At first, you wait because it’s probably nothing. It’s not fatigue; you’re just tired because you started a new exercise routine. The bruises? You’re clumsy. Who knows what you bump into on a daily basis? Dressers, beds? You mumble Lonely Island lyrics: “Two words about furniture: killing machines.” You have night sweats because you sleep under too many covers. It’s as simple as that. You’ll wait a week or two, and see a doctor if they haven’t gone away.
You see the doctor. She listens as you describe the fatigue, the bruises, the soaking night sweats. She touches a lump you show her. “I’m almost certain this is nothing,” she says, as you exhale (finally). “With people your age, we very rarely find anything malignant. If it grows or changes over the next few months, come back.”
You wait three months. You come back. You come back with new symptoms and the mood is drastically transformed. You walked into your favorite diner, but now it’s the trading floor of the NYSE.
“You need an ultrasound,” says the doctor. “It feels like cancer.”
“You need a biopsy,” says the ultrasound tech. “It looks like cancer.”
“Like, now?” you say. “But I like this t-shirt.”
The radiologist is already prepping the procedure table. You lay down, cold steel against your skin. The dim lighting and cool A/C are meant to be soothing. They feel like a morgue. Are you already dead? You wait. They jab you with needles and fill you with burning liquid. You go half-numb, maybe. They stab you six times with what feels like a three-hole punch from Staples. You don’t look. Half-numb was an overestimation. You just wait for it to be over. Warm blood rushes down your side – you feel it but can’t see. Without the red visual, It could be anything. Warm honey left out on the patio table on a hot summer night. Ambrosia.
“It’s three days before Christmas,” the radiologist says. “You won’t get these results for about a week, since the lab will be closed. I won’t be giving them to you, either. I have a newborn and my husband and I are spending Christmas with my in-laws upstate.”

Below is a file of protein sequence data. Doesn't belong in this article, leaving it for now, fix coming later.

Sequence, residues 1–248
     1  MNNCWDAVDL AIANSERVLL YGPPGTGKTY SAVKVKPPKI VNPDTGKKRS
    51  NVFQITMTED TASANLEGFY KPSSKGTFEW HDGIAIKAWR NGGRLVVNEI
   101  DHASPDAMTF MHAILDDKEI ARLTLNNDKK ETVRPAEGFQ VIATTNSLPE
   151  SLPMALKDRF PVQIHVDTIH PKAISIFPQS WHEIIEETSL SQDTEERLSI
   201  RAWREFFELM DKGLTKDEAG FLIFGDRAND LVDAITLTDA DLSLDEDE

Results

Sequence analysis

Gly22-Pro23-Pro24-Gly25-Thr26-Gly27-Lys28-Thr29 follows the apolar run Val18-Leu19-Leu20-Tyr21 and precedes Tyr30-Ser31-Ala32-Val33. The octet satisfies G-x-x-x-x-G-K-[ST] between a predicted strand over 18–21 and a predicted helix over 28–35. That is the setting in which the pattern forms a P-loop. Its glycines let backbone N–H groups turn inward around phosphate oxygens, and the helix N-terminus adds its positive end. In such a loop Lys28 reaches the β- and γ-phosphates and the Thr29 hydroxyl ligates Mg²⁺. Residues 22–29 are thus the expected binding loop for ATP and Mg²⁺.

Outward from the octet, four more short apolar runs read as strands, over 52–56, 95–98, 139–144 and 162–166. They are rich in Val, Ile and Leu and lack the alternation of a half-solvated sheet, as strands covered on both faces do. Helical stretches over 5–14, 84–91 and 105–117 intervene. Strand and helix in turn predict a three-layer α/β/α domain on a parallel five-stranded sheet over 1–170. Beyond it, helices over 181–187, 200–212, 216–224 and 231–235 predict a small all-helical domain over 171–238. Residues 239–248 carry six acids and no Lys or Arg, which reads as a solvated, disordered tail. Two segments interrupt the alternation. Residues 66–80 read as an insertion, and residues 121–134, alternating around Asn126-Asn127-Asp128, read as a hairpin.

Never has a sentence struck you as so patently unfair. She’s not much older than you are. You estimate ten years. You bet she’s 34. Will you be alive in ten years? Will you ever have a spouse, in-laws, a baby? Anywhere to go that could reasonably referred to as “upstate”? “Upstate” sounds like somewhere people play croquet.
You wait by the phone. You wait there day and night. You’re tethered to it. Every buzz, every ring is The Call. You slam the phone down in misdirected frustration when its anything else. You torture telemarketers. “Fuck you, Omaha Steaks. Fuck off and die!”
You secretly hope they’ll call back. This is only the tip of your rage iceberg.
You wait for The Call, and finally it comes.
“You need an MRI,” says the pathologist. “Unfortunately, it is cancer.”
Unfortunately. The word is comically under-equipped for delivering a cancer diagnosis. ‘Unfortunately, ma’am, we’re out of the fish special this evening. You could try the salmon and scallops – both are excellent.’ That’s where unfortunately belongs. It’s just sorry in a tux.
You wait in the MRI machine. Cold contrast dye splits your veins into arctic and tropical currents. Metals clang together. The whole thing sounds like accessing America On-Line in 1998 at a New York City subway stop. You’re on sedatives because fuck this shit. You think, This dubstep concert sucks.
You wait 45 minutes before its over, but it’s never over. Because then you wait for the results. And after that you wait for surgery. And after that you wait to heal, and after that, you wait to begin chemotherapy. And after that, you wait for each cycle’s one-of-a-kind combination of unpleasant side effects to subside. Come on down, spin the wheel – where will you land this time? Nausea? Fatigue? Bone pain? Extravasation wound? Constant, unstoppable nose bleeds! We have a winner!
You wait for your hair to fall out. It takes two weeks. You tug a lot of it out. Then you shave it when the bald patches get too obvious. You wait for a good song to come on. 2Chainz? Eh…you’ll take it. “Hair short, money long,” your friend raps over the words. You wait under the buzzer with your eyes shut. Get it over with get it over with get it over with.
At your next chemo, as you wait for your Medi-Port to get accessed and poison drugs to drip into your veins, you ask your oncologist, “So once it’s all over, what then?”
Her smiling answer has a splash of sadness. Just the right amount of bitters in a verbal Manhattan.
“You wait to see if it comes back.”